Large-amplitude membrane flutter in inviscid flow C. Mavroyiakoumou and S. Alben, J. Fluid Mech. (891) A23--1-24, 2020 We study the large-amplitude flutter of membranes (of zero bending rigidity) with vortex sheet wakes in two-dimensional inviscid fluid flows. The dynamics depend on three dimensionless parameters: membrane pretension, mass density, and stretching modulus. With both ends fixed, all the membranes converge to steady deflected shapes with single humps that are nearly fore-aft symmetric. With leading edges fixed and trailing edges free to move in the transverse direction, the membranes flutter periodically or aperiodically (at larger mass density). With both edges free to move in the transverse direction, the membranes flutter similarly to the fixed–free case, but also translate vertically with steady, periodic or aperiodic trajectories, and with non-zero slopes that lead to small angles of attack with respect to the oncoming flow. (ArXiv) Movie
 Semi-implicit methods for the dynamics of elastic sheets S. Alben, A. A. Gorodetsky, D. Kim, and R.D. Deegan, J. Comp. Phys. (399) 108952--1-17, 2019 Recent applications (e.g. active gels and the self-assembly of elastic sheets) motivate the need to efficiently simulate the dynamics of thin elastic sheets. We present semi-implicit time stepping algorithms to improve the time step constraints of explicit methods. For a triangular lattice discretization, our semi-implicit approach is stable for all time steps in the case of overdamped dynamics. For a more general finite-difference formulation that can allow for general elastic constants, we use the analogous approach on a square grid, and find that the largest stable time step is two to three orders of magnitude greater than for an explicit scheme. For a model problem with a radial traveling wave form of the reference metric, we find transitions from quasi-periodic to chaotic dynamics as the sheet thickness is reduced, wave amplitude is increased, and damping constant is reduced. (ArXiv)
 Efficient sliding locomotion with isotropic friction S. Alben, Phys. Rev. E (99) 062402--1-17, 2019 Snakes' bodies are covered in scales that make it easier to slide in some directions than in others. This frictional anisotropy allows for sliding locomotion with an undulatory gait, one of the most common for snakes. Isotropic friction is a simpler situation (that arises with snake robots, for example) but is less understood. In this work we regularize a model for sliding locomotion to allow for static friction. We then propose a robust iterative numerical method to study the efficiency of a wide range of motions under isotropic Coulomb friction.We find that simple undulatory motions give little net locomotion in the isotropic regime. We compute general time-harmonic motions of three-link bodies and find three local optima for efficiency. The top two involve static friction to some extent. We then propose a class of smooth body motions that have similarities to concertina locomotion (including the involvement of static friction) and can achieve optimal efficiency for both isotropic and anisotropic friction. (ArXiv)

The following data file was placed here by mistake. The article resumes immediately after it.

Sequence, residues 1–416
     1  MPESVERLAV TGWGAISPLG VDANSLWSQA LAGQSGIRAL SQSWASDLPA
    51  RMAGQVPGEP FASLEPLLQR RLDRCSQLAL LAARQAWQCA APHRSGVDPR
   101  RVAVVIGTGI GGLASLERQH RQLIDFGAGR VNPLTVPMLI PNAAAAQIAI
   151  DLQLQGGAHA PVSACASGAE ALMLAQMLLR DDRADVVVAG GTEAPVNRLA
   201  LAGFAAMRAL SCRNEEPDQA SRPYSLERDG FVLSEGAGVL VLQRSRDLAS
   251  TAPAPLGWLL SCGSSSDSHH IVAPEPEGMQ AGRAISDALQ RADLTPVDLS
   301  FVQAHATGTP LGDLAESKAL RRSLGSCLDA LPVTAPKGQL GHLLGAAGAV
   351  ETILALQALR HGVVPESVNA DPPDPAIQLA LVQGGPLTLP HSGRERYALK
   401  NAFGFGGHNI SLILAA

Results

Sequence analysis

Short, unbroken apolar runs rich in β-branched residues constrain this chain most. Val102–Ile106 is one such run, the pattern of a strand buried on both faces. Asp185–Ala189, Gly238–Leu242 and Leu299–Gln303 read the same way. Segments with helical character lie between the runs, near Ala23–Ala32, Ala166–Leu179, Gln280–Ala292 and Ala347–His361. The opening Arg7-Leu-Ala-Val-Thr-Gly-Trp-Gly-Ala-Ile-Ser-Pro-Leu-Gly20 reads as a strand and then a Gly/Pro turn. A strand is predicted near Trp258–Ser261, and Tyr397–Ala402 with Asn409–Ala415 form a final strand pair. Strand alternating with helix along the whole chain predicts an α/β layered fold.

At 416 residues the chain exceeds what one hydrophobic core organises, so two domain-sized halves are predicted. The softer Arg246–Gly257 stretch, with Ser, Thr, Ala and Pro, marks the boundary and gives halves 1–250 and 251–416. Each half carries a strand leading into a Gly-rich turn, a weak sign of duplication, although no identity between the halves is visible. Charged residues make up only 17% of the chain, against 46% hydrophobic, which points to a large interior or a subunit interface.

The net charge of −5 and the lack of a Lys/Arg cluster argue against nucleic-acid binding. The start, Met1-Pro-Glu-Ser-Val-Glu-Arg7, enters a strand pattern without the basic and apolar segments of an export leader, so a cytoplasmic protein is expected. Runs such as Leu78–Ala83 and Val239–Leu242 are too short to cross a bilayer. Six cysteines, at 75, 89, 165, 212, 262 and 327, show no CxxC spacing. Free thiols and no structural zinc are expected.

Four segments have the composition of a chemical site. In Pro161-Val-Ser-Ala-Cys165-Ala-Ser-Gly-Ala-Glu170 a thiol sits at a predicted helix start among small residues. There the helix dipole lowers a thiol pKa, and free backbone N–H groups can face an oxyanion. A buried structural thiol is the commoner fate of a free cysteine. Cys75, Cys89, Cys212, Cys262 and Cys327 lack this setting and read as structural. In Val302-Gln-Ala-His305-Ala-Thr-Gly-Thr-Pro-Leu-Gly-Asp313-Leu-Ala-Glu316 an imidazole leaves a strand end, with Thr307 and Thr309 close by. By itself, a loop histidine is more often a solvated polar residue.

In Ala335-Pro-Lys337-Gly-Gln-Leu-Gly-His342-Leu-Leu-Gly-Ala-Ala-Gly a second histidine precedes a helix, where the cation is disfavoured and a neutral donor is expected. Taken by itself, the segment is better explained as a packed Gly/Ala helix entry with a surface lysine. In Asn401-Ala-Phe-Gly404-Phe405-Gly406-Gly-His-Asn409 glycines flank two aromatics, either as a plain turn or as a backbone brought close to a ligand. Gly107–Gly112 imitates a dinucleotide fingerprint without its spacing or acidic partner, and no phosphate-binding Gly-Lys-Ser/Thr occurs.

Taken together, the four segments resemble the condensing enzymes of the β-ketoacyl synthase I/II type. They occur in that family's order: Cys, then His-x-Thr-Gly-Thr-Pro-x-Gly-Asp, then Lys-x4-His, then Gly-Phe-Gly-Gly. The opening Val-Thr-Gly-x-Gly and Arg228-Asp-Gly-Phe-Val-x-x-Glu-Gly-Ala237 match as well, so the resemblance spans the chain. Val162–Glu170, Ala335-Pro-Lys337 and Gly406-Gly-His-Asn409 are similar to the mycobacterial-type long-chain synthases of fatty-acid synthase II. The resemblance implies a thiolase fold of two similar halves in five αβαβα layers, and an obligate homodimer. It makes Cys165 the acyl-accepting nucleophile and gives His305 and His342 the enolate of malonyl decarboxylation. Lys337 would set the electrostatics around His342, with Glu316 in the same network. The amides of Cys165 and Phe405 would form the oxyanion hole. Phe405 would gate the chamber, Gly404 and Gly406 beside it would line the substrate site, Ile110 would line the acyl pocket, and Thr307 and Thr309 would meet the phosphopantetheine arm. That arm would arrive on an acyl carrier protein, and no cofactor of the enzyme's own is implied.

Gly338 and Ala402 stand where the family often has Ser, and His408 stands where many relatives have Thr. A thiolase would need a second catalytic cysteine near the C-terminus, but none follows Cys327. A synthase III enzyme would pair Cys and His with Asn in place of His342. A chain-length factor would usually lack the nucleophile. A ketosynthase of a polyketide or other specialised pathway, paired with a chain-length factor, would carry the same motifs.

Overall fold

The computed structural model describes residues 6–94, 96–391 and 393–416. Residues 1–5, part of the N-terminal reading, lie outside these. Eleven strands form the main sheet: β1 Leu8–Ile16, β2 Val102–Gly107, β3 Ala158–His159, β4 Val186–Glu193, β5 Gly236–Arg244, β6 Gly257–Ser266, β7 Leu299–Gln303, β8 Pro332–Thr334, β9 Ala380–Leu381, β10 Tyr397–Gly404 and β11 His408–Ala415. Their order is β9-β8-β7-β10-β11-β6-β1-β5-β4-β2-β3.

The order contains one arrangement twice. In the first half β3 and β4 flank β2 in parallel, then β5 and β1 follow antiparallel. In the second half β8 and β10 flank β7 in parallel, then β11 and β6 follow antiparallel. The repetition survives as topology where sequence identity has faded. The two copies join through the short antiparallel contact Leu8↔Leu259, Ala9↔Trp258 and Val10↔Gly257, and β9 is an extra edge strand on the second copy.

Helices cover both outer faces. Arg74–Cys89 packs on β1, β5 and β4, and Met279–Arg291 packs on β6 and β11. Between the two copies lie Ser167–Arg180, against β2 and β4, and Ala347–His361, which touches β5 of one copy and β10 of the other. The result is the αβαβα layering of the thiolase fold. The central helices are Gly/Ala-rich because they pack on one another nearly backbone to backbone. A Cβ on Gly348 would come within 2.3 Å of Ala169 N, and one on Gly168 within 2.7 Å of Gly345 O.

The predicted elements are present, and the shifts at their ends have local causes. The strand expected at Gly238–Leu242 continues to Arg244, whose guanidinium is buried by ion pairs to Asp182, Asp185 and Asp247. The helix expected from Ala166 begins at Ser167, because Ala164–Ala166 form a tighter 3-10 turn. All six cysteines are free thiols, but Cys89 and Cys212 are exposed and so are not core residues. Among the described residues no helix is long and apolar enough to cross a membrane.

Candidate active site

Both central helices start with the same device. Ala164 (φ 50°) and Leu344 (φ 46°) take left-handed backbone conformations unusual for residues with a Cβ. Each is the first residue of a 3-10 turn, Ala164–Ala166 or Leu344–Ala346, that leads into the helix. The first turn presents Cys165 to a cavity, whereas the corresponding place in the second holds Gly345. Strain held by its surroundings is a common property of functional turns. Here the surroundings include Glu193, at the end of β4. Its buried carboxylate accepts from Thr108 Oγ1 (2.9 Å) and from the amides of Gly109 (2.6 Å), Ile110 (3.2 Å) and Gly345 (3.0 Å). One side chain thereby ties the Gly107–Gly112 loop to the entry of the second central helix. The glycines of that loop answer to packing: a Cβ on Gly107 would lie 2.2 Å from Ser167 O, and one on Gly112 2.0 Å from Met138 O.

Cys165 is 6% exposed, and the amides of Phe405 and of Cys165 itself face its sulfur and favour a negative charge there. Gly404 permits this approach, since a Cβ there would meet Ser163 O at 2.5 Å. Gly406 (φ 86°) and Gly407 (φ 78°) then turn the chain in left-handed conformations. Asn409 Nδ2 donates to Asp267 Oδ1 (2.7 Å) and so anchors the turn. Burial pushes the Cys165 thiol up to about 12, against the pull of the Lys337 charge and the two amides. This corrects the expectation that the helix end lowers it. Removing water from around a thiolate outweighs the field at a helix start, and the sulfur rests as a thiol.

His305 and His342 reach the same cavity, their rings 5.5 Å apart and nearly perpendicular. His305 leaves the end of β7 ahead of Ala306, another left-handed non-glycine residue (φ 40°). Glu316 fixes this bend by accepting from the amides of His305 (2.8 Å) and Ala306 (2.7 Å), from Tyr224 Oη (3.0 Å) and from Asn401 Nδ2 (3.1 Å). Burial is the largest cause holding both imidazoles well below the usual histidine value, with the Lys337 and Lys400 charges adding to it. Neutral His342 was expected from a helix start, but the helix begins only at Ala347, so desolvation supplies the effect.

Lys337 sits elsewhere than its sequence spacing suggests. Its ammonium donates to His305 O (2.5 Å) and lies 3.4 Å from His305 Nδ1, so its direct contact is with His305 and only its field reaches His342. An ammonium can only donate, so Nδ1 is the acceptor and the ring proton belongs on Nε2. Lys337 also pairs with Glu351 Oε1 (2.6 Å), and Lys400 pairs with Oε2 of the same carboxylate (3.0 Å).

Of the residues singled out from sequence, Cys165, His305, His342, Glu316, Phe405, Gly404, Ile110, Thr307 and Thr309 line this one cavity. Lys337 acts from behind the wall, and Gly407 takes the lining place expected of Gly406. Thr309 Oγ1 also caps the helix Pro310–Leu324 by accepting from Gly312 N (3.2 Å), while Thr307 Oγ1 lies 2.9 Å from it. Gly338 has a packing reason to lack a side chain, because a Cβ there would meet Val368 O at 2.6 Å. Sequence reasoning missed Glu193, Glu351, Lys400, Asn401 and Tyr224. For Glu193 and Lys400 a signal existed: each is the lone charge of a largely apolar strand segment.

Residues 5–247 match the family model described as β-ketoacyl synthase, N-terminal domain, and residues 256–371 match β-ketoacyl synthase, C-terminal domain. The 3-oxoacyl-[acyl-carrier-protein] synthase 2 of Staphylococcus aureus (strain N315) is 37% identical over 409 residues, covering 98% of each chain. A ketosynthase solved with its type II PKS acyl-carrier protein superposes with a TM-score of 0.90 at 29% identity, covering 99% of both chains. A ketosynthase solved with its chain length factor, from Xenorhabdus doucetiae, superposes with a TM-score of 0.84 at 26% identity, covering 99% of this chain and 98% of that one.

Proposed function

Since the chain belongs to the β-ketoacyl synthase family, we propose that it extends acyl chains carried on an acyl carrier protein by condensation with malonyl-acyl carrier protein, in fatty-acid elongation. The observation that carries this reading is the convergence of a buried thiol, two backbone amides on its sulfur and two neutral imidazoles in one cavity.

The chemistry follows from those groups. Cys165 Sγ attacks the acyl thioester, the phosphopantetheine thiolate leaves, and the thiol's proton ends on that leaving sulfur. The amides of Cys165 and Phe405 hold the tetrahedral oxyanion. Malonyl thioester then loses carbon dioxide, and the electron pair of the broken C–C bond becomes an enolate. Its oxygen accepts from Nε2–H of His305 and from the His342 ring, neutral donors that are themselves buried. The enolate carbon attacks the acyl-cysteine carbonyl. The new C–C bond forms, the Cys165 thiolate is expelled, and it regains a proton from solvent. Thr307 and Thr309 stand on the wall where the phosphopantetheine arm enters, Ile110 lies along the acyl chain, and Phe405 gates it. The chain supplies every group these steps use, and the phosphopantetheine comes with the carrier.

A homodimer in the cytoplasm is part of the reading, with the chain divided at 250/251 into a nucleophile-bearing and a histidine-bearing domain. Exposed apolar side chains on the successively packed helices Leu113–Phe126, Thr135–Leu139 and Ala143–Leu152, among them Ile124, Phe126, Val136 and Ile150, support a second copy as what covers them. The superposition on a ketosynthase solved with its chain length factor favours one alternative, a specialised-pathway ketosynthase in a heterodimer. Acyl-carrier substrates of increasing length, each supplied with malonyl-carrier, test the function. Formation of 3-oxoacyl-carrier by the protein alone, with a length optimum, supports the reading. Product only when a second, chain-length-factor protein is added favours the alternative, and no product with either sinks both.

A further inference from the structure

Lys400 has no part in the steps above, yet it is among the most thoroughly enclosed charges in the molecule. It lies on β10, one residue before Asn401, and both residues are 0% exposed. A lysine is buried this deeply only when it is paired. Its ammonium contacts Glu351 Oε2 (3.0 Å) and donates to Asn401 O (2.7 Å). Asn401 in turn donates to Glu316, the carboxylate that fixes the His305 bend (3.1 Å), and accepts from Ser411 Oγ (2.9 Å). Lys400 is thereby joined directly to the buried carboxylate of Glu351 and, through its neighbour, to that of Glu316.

Dynamics and locomotion of flexible foils in a frictional environment X. Wang and S. Alben, Proc. Roy. Soc. A (474) 2209:20170503--1-20, 2018 We study the dynamics of snake-like bodies (flexible foils) under frictional forces to understand the physics of locomotion by passive appendages in terrestrial environments. When a flexible foil is oscillated by heaving at one end but is not free to locomote, the dynamics change from periodic to non-periodic and chaotic as the heaving amplitude increases or the bending rigidity decreases. Resonant peaks and bistable states are observed. When the foil is free to locomote, the horizontal motion smoothes the resonant peaks. Locomotion is steady but slow at moderate frictional coefficients, and faster at larger transverse friction and small tangential friction corresponding to wheeled snake robots. Here travelling wave motions arise spontaneously, and move with horizontal speeds that scale as transverse friction coefficient to the power 1/4 and input power that scales as the transverse friction coefficient to the power 5/12. These scalings correspond to boundary layers near the foil’s leading edge. (ArXiv)

 Intracellular localization of nanoparticle dimers by chirality reversal M. Sun, L. Xu, J.H. Bahng, H. Kuang, S. Alben, N.A. Kotov, and C. Xu. Nature Communications (8), 1847--1-10, 2017 The intra- and extracellular positioning of plasmonic nanoparticles (NPs) can dramatically alter their curative/diagnostic abilities and medical outcomes. Here we show that the chiroptical activity of DNA-bridged NP dimers allows one to follow the process of internalization of the particles by mammalian cells and to distinguish their extra- vs intra-cellular localizations by real-time spectroscopy in ensemble. This finding opens the door for spectroscopic targeting of plasmonic nanodrugs and quantitative assessment of nanoscale interactions.

 Improved convection cooling in steady channel flows S. Alben, Phys. Rev. Fluids (2), 104501--1-26, 2017 Convective cooling of the heated walls of a 2D channel is a benchmark problem with recent applications. We find steady flows that maximize the heat removed from fixed-temperature walls for a given rate of energy used to drive the flow, Pe2. These flows have a boundary layer structure, and heat transfer proportional to Pe2/5, an improvement over the Pe1/3 scaling of Poiseuille flow.